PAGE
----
Reel Shorts | Chicago 10

3 03 2008

Forty years ago one of the ugliest displays of police brutality in American history occurred on thousands of peaceful protesters during the 1968 Democratic Convention. This incident and subsequent trial are brilliantly captured in the compelling documentary, “Chicago 10.”

Drawing many parallels to current events, the documentary finds many Americans are dissatisfied with a senseless war and are demanding change. Two groups, MOBE and the Yippees, take the lead and begin months of meetings designed to organize and conduct peaceful protests during the convention in Chicago. But the “Law and Order” movement led by Chicago Mayor Richard Dailey is determined not to have the “flower children” disrupt the proceeding. He empowers the Chicago Police Department and the National Guard to prepare for the onslaught.

Intermixed with this story is the subsequent trial that occurred the following year featuring many of the march’s protesters including Abbie Hoffman, Jerry Rubin, Tom Hayden and Bobby Seale. Writer, producer and director Brett Morgen expertly interweaves black and white, color and even animation to construct the story of three days that changed American, politically forever. His film captures the mood of times and how the flower children influenced future generations, by simply taking a stand.

Morgen also blends the voices of some of the real participants with a group of actors perhaps nostalgic for the event and the period. Featuring Nick Nolte, Mark Ruffalo, Liev Schreiber, Jeffrey Wright and the late Roy Scheider. Some of the real participants who lent their voices included Seale, Hoffman, Rubin and their attorney, Williams Kunstler. Their voice-work also lends to the film authenticity recreating the mood of their tumultuous experience.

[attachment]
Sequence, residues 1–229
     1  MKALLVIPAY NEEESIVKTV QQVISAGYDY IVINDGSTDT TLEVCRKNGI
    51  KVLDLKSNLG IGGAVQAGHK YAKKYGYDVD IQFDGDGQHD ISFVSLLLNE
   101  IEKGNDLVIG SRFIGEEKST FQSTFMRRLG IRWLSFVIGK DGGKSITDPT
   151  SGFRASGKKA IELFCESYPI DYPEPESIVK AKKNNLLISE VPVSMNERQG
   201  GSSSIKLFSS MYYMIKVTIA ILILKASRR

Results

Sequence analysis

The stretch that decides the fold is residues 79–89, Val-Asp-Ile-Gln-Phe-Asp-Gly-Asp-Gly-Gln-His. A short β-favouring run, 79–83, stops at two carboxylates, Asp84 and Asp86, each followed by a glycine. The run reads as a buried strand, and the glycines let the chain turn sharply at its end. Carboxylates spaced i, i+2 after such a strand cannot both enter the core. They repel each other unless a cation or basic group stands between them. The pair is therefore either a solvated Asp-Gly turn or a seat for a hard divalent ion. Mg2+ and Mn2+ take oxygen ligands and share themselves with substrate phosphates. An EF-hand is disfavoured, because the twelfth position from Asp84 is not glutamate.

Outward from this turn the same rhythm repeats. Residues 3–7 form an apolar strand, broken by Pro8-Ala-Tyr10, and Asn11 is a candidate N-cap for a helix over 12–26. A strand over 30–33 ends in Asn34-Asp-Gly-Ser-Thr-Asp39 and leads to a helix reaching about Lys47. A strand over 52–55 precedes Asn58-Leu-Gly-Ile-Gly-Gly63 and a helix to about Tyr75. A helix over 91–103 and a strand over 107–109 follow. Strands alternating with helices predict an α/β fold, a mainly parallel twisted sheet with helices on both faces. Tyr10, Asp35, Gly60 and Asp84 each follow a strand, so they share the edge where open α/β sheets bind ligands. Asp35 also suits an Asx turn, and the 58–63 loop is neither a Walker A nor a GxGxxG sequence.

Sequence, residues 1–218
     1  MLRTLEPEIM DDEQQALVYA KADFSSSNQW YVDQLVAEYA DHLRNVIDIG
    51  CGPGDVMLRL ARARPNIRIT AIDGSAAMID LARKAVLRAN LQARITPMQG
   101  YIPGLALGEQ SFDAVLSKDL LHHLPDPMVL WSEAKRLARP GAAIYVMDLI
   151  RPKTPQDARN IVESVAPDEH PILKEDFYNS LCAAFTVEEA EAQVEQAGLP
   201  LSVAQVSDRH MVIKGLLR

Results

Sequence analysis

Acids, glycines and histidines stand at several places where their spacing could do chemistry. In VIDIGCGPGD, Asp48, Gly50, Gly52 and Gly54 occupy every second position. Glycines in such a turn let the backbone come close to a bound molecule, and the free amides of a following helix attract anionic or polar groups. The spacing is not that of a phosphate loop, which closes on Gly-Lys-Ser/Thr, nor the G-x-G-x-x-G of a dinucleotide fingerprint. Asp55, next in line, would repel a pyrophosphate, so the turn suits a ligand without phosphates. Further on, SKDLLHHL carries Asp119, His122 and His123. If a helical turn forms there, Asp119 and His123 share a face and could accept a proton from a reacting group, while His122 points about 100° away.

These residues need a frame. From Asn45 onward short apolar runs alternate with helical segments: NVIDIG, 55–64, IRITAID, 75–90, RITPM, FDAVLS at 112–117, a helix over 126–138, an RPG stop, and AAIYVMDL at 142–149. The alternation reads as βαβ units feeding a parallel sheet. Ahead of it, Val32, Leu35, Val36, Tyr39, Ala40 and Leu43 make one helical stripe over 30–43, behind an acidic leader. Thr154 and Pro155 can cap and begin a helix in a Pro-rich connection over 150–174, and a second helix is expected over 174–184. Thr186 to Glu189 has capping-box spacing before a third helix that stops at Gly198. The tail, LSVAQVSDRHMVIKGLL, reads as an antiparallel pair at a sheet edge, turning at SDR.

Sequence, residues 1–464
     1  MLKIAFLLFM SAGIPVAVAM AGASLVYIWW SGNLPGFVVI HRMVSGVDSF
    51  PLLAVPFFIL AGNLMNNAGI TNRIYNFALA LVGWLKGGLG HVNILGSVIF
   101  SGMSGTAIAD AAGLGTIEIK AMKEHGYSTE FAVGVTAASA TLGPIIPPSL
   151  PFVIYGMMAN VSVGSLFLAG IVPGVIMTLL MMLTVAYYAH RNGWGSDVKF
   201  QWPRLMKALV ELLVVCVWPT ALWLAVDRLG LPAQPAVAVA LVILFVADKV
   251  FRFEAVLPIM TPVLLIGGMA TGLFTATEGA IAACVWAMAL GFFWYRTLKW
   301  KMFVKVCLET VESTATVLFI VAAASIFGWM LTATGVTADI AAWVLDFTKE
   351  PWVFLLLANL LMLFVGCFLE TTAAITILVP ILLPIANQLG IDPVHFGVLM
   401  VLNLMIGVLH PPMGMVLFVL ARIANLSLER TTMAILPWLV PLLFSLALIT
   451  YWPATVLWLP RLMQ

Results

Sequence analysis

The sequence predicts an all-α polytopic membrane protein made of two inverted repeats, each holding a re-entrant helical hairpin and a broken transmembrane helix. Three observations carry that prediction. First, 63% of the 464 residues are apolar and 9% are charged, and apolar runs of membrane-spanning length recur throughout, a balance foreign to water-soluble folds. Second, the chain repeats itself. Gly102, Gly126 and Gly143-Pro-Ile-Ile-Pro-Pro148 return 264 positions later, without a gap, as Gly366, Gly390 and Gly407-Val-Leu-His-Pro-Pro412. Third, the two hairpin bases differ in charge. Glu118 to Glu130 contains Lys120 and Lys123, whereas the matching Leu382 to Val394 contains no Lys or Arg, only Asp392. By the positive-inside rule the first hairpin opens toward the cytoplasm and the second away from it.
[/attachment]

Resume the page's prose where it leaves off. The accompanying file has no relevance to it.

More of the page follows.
Much like the police harassment suffered by Dr. Martin Luther King and members of the civil rights movement in 1950s racist Alabama caught on tape, the violent role of law enforcement on the peaceful protesters serves as a powerful reminder that even hate can’t stop a tide of change. Whether beating unarmed protestors or aggressively handcuffing and gagging Black Panther founder Seale, “Chicago 10” is full of law in a swirling, heated cauldron that is WAAAAY out of order.

Whether unjustly misrepresented in court or chase in harassed on the streets of “the Chi,” “Chicago 10” is a great civics lesson in the important and powerful role young people play in bringing about change and also goes to show that the more things change, they still remain the same.

Grade: A-

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